Lingards, the Bradford-based department store, was famously bombed by the Luftwaffe in the Second World War. But it was a bombshell of a different kind that directors of the company dropped in March 1977: They were closing.

The two stores in Westgate and Sunbridge Road were to be shut up due to adverse trading conditions. The bosses told the 60 staff that the shops would close the following month and the news made the front page of the T&A on March 9.

We wrote: “The shock decision by the company, part of the giant UDS group, will close the doors of the two shops on April 23.

“Manager of the departmental store at Westgate for the past two years, Mr Andrew Payne, said the news had come as much of a surprise to him as it had to the others and he is left without a job.

“The other store on the corner of Kirkgate and Sunbridge Road traded for many years as Ludlows. The company was to have moved into The Mall when the new shopping centre opened but rising costs forced the idea to be abandoned.”

The statement by the director Mr WE Gasson was printed by the T&A and read: “In pursuance of our policy of expansion and modernisation of the profitable units within the group it unfortunately becomes necessary to close certain smaller branches whose profitability records, due to adverse trading conditions within their own areas, are unacceptable.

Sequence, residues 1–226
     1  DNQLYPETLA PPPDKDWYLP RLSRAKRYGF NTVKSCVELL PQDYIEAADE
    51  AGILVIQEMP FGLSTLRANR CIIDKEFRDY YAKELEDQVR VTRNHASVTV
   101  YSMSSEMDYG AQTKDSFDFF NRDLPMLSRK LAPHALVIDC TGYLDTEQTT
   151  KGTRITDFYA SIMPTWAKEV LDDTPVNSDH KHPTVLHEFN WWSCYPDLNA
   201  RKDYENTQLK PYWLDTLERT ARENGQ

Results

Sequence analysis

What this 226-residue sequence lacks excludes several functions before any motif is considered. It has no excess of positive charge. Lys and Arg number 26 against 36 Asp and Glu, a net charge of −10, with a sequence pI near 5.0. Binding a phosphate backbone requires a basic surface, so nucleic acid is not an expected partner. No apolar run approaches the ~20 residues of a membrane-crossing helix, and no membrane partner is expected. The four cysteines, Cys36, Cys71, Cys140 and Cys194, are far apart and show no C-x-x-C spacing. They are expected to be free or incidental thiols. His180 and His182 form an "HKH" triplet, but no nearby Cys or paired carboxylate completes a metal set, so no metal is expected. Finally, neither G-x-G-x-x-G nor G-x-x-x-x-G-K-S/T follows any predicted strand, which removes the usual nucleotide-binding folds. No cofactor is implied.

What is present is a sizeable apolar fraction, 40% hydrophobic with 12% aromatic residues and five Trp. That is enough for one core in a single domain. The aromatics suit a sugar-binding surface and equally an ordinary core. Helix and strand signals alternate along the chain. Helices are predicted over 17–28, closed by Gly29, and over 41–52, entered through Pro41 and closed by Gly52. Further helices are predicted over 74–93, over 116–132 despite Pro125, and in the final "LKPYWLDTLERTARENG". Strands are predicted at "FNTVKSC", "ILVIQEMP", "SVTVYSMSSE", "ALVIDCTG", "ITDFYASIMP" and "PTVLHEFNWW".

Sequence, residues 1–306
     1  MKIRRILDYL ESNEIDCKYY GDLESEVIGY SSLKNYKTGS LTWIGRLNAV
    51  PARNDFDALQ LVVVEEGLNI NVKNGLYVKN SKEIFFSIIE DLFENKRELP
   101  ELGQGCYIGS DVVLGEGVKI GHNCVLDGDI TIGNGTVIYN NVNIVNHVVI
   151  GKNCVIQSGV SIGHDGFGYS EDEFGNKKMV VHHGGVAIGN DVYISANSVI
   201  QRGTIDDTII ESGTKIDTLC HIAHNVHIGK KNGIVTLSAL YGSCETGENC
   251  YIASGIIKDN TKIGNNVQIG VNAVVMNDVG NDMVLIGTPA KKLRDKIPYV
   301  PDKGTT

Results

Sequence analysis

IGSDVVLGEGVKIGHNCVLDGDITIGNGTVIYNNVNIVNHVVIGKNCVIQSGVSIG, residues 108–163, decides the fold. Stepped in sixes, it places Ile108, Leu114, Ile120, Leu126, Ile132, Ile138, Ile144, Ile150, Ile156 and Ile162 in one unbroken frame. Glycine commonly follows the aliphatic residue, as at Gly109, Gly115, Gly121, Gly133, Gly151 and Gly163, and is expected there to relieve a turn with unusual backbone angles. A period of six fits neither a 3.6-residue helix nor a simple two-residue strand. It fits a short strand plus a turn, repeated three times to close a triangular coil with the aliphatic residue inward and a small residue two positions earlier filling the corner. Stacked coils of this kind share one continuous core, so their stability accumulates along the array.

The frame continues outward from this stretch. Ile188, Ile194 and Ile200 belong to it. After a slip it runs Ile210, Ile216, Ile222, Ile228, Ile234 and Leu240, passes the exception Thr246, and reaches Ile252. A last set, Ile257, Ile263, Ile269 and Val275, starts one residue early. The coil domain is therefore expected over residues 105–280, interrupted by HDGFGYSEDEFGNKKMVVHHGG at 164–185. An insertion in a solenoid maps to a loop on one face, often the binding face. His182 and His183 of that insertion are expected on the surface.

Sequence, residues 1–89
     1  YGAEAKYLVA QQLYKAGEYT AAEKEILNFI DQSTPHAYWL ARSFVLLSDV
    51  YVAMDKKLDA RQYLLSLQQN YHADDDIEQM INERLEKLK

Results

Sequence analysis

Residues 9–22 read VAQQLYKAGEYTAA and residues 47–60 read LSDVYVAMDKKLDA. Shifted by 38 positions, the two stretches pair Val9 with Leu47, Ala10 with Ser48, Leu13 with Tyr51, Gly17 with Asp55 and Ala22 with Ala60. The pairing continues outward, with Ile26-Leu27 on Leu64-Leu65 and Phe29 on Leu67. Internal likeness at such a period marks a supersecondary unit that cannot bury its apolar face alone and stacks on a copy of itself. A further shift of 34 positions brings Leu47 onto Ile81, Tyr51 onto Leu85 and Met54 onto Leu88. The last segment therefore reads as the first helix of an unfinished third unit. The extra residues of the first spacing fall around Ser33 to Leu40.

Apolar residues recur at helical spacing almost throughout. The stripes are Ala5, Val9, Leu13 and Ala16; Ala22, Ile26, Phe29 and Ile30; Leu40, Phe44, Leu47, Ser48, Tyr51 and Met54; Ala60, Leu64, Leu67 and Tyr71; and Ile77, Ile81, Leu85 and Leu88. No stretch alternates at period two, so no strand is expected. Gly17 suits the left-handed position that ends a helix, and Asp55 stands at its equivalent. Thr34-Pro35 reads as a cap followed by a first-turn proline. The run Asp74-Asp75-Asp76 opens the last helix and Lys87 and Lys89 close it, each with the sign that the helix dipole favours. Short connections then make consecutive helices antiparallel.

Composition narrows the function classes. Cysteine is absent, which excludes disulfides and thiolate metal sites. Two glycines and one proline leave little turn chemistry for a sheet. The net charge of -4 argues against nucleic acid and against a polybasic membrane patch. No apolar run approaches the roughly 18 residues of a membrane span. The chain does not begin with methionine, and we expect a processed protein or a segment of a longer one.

“This decision is taken in line with national policies undertaken by many similar groups throughout the country. Accordingly, it is with extreme regret that we have to announce that Lingards (Bradford) Ltd will cease trading on April 23.”

But it was the bleak future faced by the employees which really hit home. Mr John Steel, assistant manager of the Westgate store, told us: “I have not really had time yet to feel anything about the closure. It will hit me later when the store has finally shut. I shall be sorry to leave – I have worked here for 25 years – and I will now be unemployed for the first time in my life. I have been looking for something else but nothing has turned up.”

And the longest-serving member of staff, Margaret Shipton, who had joined the firm from leaving school in 1941, said: “I feel very sad about the closure. I am going to have a rest first before I start looking for another job. Things have been so busy in the last seven weeks.”